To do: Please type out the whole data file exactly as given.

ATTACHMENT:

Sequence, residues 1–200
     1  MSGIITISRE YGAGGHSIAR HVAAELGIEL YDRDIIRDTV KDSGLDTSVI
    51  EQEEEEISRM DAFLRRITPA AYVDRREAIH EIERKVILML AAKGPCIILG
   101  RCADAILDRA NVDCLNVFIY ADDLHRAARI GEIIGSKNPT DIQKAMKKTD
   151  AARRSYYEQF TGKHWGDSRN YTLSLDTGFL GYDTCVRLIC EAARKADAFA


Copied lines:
Sequence, residues 1–200
     1  MSGIITISRE YGAGGHSIAR HVAAELGIEL YDRDIIRDTV KDSGLDTSVI
    51  EQEEEEISRM DAFLRRITPA AYVDRREAIH EIERKVILML AAKGPCIILG
   101  RCADAILDRA NVDCLNVFIY ADDLHRAARI GEIIGSKNPT DIQKAMKKTD
   151  AARRSYYEQF TGKHWGDSRN YTLSLDTGFL GYDTCVRLIC EAARKADAFA